As liver diseases continue to increase in prevalence, there is a call for metabolically functional liver tissue for transplant. Scientists from the Medical Research Council Centre for Regenerative Medicine at the University of Edinburgh have been looking at human induced pluripotent stem cells (iPSCs) as a potential solution to the problem, and they've reported promising early results from an effort to grow the cells into functional liver tissue in mice.
In a study published in the journal Archives of Toxicology, the researchers used embryonic stem cells and iPSCs to develop hepatocytes and grew them in a dish for over a year. According to Professor David Hay, Ph.D., who led the study, this is the first time stem cell-derived liver cells have been kept alive in the lab for that long a time.
“Keeping the cells alive and stable as liver cells for a long time is a very difficult step, but crucial if we hope to use this technology in people,” he said in a statement.
To give the cells structure, the scientists tapped material chemists and engineers to build 3D scaffolds with polycaprolactone, a biodegradable polyester approved for use in humans. Liver cells were then loaded onto the scaffolds and implanted under the skin of mice to test their activity in a way that would be less invasive than implanting them into the abdomen.
They tested the tissue scaffolds in mice with tyrosinemia, a potentially fatal genetic disorder in which the liver’s enzymes fail to break down the amino acid tyrosine, leading to a toxic buildup of tyrosine and its byproducts. In the animals' blood, researchers found proteins synthesized by the liver, meaning that the tissue had integrated with the circulatory system.
The new tissue helped the mice break down tyrosine, and the animals lost less weight compared to others that received empty scaffolds. The treated mice also showed fewer signs of liver damage, the team reported.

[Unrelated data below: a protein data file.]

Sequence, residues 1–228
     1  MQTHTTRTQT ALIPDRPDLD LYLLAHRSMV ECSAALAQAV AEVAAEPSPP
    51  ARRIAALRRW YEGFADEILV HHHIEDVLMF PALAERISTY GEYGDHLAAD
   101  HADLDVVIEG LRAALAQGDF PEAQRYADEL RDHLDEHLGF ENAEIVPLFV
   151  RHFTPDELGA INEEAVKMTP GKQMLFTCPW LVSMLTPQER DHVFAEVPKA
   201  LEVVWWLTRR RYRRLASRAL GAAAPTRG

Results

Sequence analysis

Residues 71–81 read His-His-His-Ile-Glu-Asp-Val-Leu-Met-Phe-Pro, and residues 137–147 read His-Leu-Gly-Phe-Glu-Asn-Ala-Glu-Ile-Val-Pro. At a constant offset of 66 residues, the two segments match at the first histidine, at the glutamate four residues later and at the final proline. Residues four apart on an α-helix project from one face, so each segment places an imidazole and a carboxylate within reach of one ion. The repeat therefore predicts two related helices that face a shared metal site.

“These results are an important early step and now we need to conduct longer-term studies to fully establish the safety of this technique and to scale up and optimize the performance of the liver tissue so we can move this technology towards clinical trials,” said Hay.
Because of a shortage of organ donors and other issues with transplants, scientists around the world are looking to cell therapy as a regenerative method to treat organ failure. A group of scientists in Japan demonstrated in a 2013 Nature study that iPSCs co-cultured with mesenchymal stem cells and endothelial cells can self-assemble to form in vitro a 3D liver “bud,” which shows some liver functions when transplanted into mice. In a 2015 study published in the journal Nature Cell Biology, another MRC team found that transplanted liver stem cells, or hepatic progenitor cells, helped mice recover from severely damaged livers.
Rather than growing tissues ex vivo, scientists at UC, San Francisco, are attempting to create tissues within the body, and they've made some early progress using a synthetic signaling molecule called synNotch. Ambys Medicines—a Third Rock Ventures company that recently emerged with a $100 million deal with Takeda—is working on cell therapy for hepatocyte transplantation and gene therapy for liver regeneration.
The MRC team working on the iPSC-derived liver scaffold hopes the technique could one day help people with failing livers. It might also aide drug discovery, both by providing a platform to study liver disease and a way to test new medicines, since many drugs are metabolized through the liver.